Thursday, June 21st
Before React Native can render for the first time, you must initialize its runtime. Unfortunately, this takes several seconds for an app of our size, even on a high-end device.
A common misconception is that React Native allows you to move away from writing native code entirely. However, that is not the current state of the world. The native foundation of React Native still rears its head at times. For example, text is rendered slightly differently on each platform, keyboards are handled differently, and Activities are recreated on rotation by default on Android. A high-quality React Native experience requires a careful balance of both worlds. This, paired with the difficulty of having balanced expertise on all three platforms makes shipping a consistently high-quality experience difficult.
Although I don't have any real experience with React Native, both of these points seem like dealbreakers to me.
I'm always hesitant to recommend a framework like React Native that is not officially supported by Apple. Especially when Apple can operate mysteriously and suddenly. It's quite possible (however unlikely) they could ban all apps from the App Store made from frameworks such as React Native.
Furthermore, I think there's a lot of cases where branded apps across platforms should behave and meet the interface guidelines of each platform. Sharing model and data code is nice (in which case, C/C++ is pretty cross platform…), but I have a hard time believing that views and UI should be identical. To me, that would just be the lowest common denominator of experience across all supported platforms.
In addition, personally, I'd rather write Swift than JS.
More: mjtsai.com, hackernews, medium/airbnb
Friday, June 15th
It’s very difficult to recommend much from the current crop of Macs to customers, and that’s deeply worrisome to us, as a Mac-based software company. For our own internal needs, we’ve wound up purchasing used hardware for testing, rather than opting to compromise heavily on a new machine. That isn’t good for Apple, nor is it what we want.
This is the most frustrating aspect to me: potential customers who have the means and will to buy new machines but because of stagnation in the hardware roadmap it would be absurd to spend a large portion of money on a computer with out-of-date hardware.
Their current failure to keep the Mac lineup fresh, even as they approach a trillion dollar market cap, is both baffling and frightening to anyone who depends on the platform for their livelihood.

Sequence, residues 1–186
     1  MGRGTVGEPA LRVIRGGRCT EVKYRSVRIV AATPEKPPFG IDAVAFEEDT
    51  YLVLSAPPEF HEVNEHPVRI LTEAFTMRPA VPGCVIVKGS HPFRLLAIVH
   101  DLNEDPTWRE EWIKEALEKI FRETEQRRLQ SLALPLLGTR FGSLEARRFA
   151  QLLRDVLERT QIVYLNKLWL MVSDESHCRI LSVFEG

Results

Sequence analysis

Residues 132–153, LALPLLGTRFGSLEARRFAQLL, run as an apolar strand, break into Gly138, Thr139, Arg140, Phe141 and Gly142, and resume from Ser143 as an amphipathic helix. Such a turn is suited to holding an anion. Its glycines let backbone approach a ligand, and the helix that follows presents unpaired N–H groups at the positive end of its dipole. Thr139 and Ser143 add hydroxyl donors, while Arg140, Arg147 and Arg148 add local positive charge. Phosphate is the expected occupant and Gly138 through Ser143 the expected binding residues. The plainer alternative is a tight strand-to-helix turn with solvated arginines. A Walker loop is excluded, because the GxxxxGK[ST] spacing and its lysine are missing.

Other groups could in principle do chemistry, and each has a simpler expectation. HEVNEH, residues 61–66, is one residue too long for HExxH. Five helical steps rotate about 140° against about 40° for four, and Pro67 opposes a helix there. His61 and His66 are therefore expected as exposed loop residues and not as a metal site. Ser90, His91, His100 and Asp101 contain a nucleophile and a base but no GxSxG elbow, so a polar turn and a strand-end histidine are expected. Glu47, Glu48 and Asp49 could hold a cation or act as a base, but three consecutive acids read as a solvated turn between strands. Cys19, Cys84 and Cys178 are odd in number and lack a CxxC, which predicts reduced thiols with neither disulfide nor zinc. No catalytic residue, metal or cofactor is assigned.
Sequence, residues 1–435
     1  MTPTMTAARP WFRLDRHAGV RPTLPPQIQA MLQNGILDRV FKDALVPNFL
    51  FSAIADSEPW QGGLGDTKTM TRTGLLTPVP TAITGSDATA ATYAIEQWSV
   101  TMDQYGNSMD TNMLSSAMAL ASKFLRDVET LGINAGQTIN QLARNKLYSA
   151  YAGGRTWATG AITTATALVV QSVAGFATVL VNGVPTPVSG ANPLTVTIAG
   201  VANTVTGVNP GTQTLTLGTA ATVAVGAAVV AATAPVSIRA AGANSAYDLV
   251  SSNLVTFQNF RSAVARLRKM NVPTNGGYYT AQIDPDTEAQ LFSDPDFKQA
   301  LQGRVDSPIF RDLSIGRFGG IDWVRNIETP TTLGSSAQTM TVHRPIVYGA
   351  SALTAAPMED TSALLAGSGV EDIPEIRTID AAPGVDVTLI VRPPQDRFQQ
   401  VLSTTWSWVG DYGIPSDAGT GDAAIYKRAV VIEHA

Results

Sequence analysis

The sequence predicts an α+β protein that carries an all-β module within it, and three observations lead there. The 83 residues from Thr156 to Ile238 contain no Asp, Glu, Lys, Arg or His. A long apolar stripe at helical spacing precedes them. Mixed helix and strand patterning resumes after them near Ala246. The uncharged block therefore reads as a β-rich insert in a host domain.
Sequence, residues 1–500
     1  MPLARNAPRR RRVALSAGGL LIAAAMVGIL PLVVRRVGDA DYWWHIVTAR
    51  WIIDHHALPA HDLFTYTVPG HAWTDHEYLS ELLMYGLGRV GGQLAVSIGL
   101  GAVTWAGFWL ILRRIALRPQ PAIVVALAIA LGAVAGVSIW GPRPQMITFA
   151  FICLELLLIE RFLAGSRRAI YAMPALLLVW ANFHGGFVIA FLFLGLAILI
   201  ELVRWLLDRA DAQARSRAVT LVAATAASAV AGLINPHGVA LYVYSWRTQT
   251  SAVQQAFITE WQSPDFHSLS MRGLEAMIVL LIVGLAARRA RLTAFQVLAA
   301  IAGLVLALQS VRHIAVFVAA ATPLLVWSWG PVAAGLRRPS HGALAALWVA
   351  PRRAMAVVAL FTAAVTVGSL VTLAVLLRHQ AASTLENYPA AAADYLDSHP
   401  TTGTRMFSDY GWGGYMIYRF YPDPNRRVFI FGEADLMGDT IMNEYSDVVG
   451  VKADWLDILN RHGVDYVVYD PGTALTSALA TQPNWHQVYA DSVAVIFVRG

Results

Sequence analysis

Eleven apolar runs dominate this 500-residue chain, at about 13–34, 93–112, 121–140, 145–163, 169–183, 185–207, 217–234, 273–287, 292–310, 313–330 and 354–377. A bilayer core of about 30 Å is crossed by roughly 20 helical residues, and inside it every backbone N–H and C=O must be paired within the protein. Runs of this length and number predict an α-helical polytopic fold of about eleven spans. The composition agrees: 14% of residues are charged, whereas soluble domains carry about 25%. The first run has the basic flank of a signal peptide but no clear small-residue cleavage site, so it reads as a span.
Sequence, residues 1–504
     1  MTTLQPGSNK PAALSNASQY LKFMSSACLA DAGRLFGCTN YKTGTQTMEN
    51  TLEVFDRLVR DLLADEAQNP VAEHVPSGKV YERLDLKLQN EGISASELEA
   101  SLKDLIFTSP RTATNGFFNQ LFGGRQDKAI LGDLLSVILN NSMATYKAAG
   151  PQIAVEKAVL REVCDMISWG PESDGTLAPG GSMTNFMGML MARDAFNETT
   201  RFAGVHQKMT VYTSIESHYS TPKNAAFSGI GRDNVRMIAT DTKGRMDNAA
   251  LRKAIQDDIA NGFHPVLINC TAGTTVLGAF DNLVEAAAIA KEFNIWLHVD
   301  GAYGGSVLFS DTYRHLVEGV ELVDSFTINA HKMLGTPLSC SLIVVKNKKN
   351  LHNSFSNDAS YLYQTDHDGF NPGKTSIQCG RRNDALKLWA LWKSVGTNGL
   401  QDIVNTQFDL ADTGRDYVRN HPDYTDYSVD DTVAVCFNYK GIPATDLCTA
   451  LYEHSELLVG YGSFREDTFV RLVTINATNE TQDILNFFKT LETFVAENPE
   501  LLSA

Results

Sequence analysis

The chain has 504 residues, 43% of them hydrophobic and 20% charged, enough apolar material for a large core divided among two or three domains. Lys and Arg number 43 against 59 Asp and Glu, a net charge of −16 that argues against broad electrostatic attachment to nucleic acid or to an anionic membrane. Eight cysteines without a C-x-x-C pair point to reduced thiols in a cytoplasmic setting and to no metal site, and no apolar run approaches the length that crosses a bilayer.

Frightening indeed. I even dug up one of my old tweets from 2016 with an eerily similar "Do not buy" recommendation.
Wednesday, June 13th
At the end of the day, Dark Mode isn’t a brave new era for macOS, but it is a welcome addition to the system. It’s an option that I’m already enjoying on my test system, and I think I’ll move to it full-time this fall when macOS Mojave ships. It’s clear that Apple has put a lot of thought into the feature, and I think most Mac developers will be onboard with what it means for their applications.
Until all apps are recompiled against the 10.14 SDK, I suspect opening an older "stuck in light mode" app on 10.14 will be like someone turning on the lights in a dark room during a movie.
Wednesday, June 6th
While I’ve enjoyed many of the upsides of the Omni approach, I’ve also had the opportunity to really appreciate the many downsides. You might say it’s “a pretty sweet solution” for offering free trials.
I think it’s particularly important, in the face of all the celebration this week about Apple’s perceived changes to the App Store, to appreciate all the many ways in which this solution falls short of what many developers still hope for: bona fide support for real free trials in the App Store.
It would be nice to have better guidance from Apple on this, or even a StoreKit / iTunes Connect API for free trials. It feels a little odd and loose that their guidance is basically just as follows:
Non-subscription apps may offer a free time-based trial period before presenting a full unlock option by setting up a Non-Consumable IAP item at Price Tier 0 that follows the naming convention: “14-day Trial.”
Tuesday, Jan. 23rd
Past attempts to get computers to ride bicycles have required an inordinate amount of learning time (1700 practice rides for a reinforcement learning approach , while still failing to be able to ride in a straight line), or have required an algebraic analysis of the exact equations of motion for the specific bicycle to be controlled.
Mysteriously, humans do not need to do either of these when learning to ride a bicycle. Here we present a two-neuron network that can ride a bicycle in a desired direction (for example, towards a desired goal or along a desired path), which may be chosen or changed at run time.